How Your Mac Can Make And Receive Phone Calls On Your iPhone

One of the much ballyhooed features of iOS 8.x and OS X Yosemite is the ‘Continuity‘ option which lets Mac or iPad make and answer phone calls through your iPhone. That’s a handy new feature. While working on your Mac or viewing the iPad, instead of digging through purse, pocket, or backpack to make or receive a call, the calls can be handled by whatever Apple device you’re using at the time. Leave the iPhone where it is.

It’s a great idea whose time has come but there are a few caveats. First, all the devices need to be running iOS 8.x, and OS X 10.10 respectively, all need to be on the same Wi-Fi network, and for Mac users, you need one that supports Bluetooth low energy mode. If your Mac is too old then you’re out of luck. No calls for you.

Unless you add HandsFree to your Mac.

This clever Mac utility works much the way Bluetooth in your car works with your iPhone (or Android smartphone). It gives you an option to make and receive phone calls– from your Mac– through your iPhone, so it works much like Continuity on newer Macs.

Here’s what happens. A phone call comes in to your iPhone, which alerts your Mac with a pop up window. One click declines or accepts on the device you want.

HandsFree

Your Mac becomes a handsfree phone, and works about the same way as Continuity on newer Macs, and similar to Bluetooth in a car.

There’s a built-in menu to search Contacts to make a call, or you can use the dial pad. Calls will use your Mac’s built-in microphone and speakers (but you can use earbuds or a headset, too).

Preferences are many but not overbearing; mostly easy to setup, and configuration is self explanatory.

HandsFree Setup

As an added bonus you’ll also be able to see notifications for low battery on your iPhone, and any missed calls.

Once setup and installed you’ll be able to use your Mac to receive and make phone calls through your iPhone (or other Bluetooth-equipped smartphone), pretty much exactly the way it works in a Bluetooth-enabled car.

Mostly.

Bluetooth connectivity can be finicky sometimes. When it works, it works great. When it doesn’t, troubleshooting to find a solution could become a full time job. For me, on my older iMac with a new iPhone, it works fine, and couldn’t be easier to use.

HandsFree on a Mac

Not bad, priced right, and there’s a trial version to make sure it works on your Mac and smartphone.

Apple Cheapens The Mac mini

Hot on the heels of a record breaking financial quarter, customers now have a chance to examine Apple’s newest Mac mini. It’s not good news. Robin Harris:

  • Soldered-on RAM replaces the SODIMMs that have been used for years, doubling the cost of add-on memory.
  • The barely useable thumb indents on the removable bottom plate have been removed.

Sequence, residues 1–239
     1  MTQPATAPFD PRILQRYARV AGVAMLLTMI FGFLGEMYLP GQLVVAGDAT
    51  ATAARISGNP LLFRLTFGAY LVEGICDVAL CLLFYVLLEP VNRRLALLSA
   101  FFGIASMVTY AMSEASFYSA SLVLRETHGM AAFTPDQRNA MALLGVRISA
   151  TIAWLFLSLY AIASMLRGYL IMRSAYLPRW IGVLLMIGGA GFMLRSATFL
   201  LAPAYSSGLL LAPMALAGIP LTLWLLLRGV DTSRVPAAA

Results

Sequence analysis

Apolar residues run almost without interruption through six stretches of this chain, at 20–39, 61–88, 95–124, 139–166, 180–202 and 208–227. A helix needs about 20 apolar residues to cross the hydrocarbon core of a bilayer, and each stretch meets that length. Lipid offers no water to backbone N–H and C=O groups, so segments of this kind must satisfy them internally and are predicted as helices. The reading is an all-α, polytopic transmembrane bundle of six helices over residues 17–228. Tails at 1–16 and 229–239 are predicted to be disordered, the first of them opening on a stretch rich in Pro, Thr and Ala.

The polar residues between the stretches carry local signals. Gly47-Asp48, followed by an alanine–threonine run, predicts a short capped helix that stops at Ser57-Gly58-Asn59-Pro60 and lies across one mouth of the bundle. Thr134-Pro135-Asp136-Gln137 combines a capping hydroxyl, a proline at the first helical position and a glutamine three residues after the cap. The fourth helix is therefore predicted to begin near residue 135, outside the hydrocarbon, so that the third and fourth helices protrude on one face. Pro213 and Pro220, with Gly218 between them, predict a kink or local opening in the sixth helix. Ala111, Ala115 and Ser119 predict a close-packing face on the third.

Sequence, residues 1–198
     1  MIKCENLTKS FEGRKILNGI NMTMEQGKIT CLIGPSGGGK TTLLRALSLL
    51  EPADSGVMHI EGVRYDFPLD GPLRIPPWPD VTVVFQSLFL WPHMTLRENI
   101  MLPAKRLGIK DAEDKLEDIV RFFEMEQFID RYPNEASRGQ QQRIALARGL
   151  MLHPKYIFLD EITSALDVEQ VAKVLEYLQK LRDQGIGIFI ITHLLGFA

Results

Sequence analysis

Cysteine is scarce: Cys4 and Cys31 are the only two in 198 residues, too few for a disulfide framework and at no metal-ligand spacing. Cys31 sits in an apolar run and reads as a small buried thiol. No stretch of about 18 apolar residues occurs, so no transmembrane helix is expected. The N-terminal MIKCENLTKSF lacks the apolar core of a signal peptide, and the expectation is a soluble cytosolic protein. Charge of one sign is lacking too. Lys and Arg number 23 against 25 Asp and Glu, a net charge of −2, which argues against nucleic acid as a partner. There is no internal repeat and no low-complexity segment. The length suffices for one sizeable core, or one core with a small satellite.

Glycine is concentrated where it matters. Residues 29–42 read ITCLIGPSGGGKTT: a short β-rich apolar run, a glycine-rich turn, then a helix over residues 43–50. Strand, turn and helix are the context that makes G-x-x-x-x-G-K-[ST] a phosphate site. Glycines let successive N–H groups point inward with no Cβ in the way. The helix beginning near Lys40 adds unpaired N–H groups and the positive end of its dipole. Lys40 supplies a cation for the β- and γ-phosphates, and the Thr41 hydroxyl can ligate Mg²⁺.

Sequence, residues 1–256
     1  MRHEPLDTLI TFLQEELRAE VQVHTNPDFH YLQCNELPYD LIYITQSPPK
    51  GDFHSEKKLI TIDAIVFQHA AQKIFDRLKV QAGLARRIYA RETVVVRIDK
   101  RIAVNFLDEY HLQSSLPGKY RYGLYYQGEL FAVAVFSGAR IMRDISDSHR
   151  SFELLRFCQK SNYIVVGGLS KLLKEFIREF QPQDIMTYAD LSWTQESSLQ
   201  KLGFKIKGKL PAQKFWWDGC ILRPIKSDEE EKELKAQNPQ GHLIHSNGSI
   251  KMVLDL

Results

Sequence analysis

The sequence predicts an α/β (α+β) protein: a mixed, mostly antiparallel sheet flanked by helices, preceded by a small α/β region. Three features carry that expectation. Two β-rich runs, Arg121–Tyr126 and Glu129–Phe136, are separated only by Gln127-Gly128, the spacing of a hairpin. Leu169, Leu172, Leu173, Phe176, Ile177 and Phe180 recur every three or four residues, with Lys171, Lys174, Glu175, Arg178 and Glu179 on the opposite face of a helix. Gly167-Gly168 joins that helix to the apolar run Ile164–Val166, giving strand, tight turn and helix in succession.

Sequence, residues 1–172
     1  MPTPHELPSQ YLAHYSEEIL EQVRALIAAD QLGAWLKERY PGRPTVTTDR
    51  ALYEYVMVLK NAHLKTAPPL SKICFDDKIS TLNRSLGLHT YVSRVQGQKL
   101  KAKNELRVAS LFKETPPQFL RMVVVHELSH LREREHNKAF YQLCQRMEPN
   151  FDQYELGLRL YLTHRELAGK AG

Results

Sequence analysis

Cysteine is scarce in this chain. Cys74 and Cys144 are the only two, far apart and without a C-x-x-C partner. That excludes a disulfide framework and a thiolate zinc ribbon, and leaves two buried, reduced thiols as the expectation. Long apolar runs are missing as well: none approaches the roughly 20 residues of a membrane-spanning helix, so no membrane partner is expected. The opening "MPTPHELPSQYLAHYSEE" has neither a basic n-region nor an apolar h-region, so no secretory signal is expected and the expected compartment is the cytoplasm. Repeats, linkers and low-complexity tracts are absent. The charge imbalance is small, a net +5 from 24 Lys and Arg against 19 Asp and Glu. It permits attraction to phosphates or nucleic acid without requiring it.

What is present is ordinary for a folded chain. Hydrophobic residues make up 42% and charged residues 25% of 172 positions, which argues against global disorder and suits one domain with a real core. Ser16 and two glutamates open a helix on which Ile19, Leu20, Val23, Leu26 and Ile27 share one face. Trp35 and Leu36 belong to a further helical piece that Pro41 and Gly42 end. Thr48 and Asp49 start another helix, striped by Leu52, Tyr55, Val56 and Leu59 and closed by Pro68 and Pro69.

• Unusual T6 Torx security screws now make it difficult to open the door to the interior.
  • The two former SATA ports — which allowed two-drive configurations — are now a single SATA port and a new socket that may support a PCIe flash drive.

Apple went cheap.

Puppy-sized Spider

It’s called the the ‘birdeater.’ It’s a spider the size and weight of puppy and far bigger than the average adult hand. The video is scary.

Known as South American Goliath birdeater, the humongous eight-legged creepy crawly creature has a body the size of a fist and a leg span the size of a small child. Harvard entomologist Piotr Naskrecki recently encountered one while taking a nighttime stroll through a rain forest in Guyana.

Zombie-proof Log Cabin

I’m not sure why modern society has such an attraction to vampires and zombies, but if you fear a zombie apocalypse, here’s what you need. A zombie-proof home with a guarantee.

You hear the horrifying groans. Decaying hands scrabble at the door, trying to find a way in. They want to eat you. You sit down on the sofa, kick your feet up and open a can of Spam. No worries. You’re inside a Zombie Fortification Cabin from Tiger Log Cabins. All you have to do now is wait in safety and comfort for the zombie apocalypse to blow over.

As if.

The ZFC-1 is a log cabin kit designed with the walking dead in mind. The structure consists of three connected buildings. It comes stocked with reinforced slit windows, walls and doors; a barbed-wire surround; an escape hatch on top; and a living room with Xbox, TV and sound system. It comes with an arsenal storage unit to secure your anti-zombie weaponry. There’s also a toilet system, garage, kitchen area with microwave and an upper deck with a full view all around so you can keep an eye out for the oncoming horde. A garden section means you won’t have to take over an abandoned prison to start a small produce farm.

Price? More than $150,000 with installation, security cameras, solar panels.

A Few Words About Mac Text Editors And CSS

As a long time web developer I have a growing collection of Mac-based tools of the trade, including the aging but oh-so-useful BBEdit text editor, the must-have MAMP for local Mac development, and a whole list of add on utility apps which accompany the trade; Coda, Transmit, Yummy FTP, TextMate, CSSEdit, the usual graphic and media culprits from Adobe, and a few apps that work well cross platform– Textastic and Transmit for iOS, and others.

The only problem with using developer tools for the Mac is CSS, which seems to be the ugly stepchild of development tools. Every notable text editor for the Mac incorporates CSS, but few do so as elegantly as the discontinued CSSEdit, a Mac-only CSS editor of great renown. I’ve often said the only thing missing from CSSEdit was a decent text editor. The developer introduced Espresso, a text editor for the Mac with some of CSSEdit thrown in, bolted on, but otherwise less than the original.